GDPR Extortion Warning as Cyber-Criminals Get Smart in 2018

The forthcoming GDPR could offer cyber-criminals new opportunities to extort money from their victims, according to Trend Micro.

The security vendor claimed that we could see hackers breach a company and then threaten to go public unless paid off – first determining the possible GDPR penalty and then demanding a ransom slightly less, which bosses are more likely to pay.

The warning was made as part of the vendor’s 2017 roundup report, The Paradox of Cyberthreats, which claimed that hackers are increasingly abandoning exploit kits and spray-and-pray tactics in favor of more strategic attacks.

“The 2017 roundup report reveals a threat landscape as volatile as anything we’ve seen, with cyber-criminals increasingly finding they’re able to gain more – whether it’s money or data or reputation damage – by strategically targeting companies’ most valuable assets,” said Jon Clay, Trend Micro’s director of global threat communications.

“It confirms our view that there is no silver bullet when it comes to the sheer range of cyber-threats facing organizations.”

The report revealed a 32% increase in new ransomware families between 2016 and 2017, a doubling of BEC attempts between the first and second half of 2017 and a sharp increase in cryptocurrency mining malware, peaking at 100,000 detections in October.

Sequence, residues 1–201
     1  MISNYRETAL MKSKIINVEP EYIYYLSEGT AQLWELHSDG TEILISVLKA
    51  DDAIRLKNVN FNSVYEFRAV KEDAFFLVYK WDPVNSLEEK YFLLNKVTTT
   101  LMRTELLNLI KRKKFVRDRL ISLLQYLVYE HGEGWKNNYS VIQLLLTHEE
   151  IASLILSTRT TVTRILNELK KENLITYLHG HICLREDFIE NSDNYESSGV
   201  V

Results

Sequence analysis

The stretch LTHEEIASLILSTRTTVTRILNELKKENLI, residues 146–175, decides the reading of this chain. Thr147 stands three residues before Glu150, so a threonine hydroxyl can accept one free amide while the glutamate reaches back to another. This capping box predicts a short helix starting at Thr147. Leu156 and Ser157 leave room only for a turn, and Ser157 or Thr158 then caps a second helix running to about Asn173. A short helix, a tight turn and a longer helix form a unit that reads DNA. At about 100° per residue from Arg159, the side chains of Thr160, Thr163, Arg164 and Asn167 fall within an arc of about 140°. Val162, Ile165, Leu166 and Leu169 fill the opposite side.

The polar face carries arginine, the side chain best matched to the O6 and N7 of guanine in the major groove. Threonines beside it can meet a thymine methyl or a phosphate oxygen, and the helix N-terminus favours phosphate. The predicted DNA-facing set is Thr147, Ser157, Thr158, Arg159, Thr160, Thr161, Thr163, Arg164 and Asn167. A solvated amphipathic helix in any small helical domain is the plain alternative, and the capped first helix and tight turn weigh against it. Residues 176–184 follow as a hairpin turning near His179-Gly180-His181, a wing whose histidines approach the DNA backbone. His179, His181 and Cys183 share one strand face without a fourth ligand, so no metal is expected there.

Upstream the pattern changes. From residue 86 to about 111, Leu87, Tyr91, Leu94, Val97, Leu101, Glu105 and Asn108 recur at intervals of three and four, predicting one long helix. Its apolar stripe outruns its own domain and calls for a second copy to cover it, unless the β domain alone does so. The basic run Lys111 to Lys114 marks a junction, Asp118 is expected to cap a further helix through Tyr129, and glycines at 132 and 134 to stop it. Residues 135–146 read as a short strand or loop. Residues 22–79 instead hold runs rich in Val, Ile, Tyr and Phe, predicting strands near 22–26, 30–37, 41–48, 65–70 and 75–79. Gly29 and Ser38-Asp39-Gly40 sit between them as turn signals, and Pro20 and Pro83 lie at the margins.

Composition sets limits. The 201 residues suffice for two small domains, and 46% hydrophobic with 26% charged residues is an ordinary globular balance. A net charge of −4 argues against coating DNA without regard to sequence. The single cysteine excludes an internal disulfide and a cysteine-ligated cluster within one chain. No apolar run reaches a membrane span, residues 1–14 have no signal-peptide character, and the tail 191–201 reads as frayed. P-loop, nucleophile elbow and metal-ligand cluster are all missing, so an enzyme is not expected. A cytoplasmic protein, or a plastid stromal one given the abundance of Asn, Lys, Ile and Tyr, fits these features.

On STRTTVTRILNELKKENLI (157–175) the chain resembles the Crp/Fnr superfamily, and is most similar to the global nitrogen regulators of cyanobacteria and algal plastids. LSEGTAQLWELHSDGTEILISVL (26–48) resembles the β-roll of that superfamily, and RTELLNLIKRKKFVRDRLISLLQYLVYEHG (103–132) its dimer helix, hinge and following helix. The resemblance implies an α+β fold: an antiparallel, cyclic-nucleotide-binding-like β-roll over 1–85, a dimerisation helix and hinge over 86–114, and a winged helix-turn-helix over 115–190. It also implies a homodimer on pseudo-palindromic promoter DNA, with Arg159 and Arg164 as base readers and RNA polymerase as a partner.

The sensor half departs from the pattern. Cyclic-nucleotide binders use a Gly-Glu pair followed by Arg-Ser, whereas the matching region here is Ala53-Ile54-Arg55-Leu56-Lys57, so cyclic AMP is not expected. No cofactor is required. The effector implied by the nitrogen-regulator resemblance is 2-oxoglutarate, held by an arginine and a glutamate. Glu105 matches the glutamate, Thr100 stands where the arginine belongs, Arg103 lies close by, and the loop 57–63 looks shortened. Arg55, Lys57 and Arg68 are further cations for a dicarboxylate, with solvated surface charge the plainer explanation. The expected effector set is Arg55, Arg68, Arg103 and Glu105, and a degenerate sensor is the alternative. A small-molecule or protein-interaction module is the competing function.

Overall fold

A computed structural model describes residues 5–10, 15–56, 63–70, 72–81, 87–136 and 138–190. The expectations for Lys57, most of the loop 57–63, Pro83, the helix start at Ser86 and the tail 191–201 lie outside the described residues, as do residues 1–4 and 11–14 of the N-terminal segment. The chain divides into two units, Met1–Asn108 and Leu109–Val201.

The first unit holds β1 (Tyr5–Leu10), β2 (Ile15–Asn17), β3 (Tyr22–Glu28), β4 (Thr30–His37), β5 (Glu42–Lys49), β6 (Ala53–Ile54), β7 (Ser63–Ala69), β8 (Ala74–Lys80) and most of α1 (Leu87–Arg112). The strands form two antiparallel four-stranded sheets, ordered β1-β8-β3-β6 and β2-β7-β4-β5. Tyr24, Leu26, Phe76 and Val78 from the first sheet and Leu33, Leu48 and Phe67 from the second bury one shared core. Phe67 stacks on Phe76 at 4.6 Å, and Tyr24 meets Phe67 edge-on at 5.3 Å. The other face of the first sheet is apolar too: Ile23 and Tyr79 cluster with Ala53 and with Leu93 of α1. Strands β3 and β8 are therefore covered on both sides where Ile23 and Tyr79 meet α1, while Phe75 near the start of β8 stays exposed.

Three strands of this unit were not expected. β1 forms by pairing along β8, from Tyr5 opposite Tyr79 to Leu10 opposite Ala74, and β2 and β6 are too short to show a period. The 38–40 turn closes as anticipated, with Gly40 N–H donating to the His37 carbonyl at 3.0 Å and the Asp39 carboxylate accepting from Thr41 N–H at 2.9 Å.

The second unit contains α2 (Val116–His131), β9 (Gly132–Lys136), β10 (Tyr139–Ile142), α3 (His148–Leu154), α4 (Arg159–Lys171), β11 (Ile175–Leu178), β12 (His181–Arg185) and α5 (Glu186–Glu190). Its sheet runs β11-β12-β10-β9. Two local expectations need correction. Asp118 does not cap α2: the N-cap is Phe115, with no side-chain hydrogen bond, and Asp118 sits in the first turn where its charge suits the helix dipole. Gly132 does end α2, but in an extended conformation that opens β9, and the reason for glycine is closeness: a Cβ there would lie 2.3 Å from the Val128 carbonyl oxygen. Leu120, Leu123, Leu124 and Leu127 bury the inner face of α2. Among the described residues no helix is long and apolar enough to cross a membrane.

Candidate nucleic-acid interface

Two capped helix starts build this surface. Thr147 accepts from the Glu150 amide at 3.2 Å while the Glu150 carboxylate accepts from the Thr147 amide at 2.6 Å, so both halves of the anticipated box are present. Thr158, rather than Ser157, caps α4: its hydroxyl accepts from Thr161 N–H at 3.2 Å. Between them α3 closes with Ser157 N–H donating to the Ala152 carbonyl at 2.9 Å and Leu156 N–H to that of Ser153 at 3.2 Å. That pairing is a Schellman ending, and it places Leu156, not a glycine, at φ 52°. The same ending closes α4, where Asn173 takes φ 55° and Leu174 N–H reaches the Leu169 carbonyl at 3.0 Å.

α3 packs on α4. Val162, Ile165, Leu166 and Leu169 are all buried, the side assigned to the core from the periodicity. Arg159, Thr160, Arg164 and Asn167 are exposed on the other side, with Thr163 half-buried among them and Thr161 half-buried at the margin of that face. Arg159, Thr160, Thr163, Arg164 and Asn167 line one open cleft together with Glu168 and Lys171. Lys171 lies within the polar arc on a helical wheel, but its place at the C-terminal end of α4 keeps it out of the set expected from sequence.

Vulnerable IoT devices represented a major opportunity for crypto-currency mining last year.

Trend Micro observed more than 45.6 million mining events during 2017, representing nearly half (49%) of all IoT events it recorded.

As for 2018, the firm predicted that BEC losses will reach $8bn this year, IoT devices will increasingly be targeted for enterprise data rather than conduct outbound attacks and the impact of data breaches will be worse than ever before for companies processing EU data.

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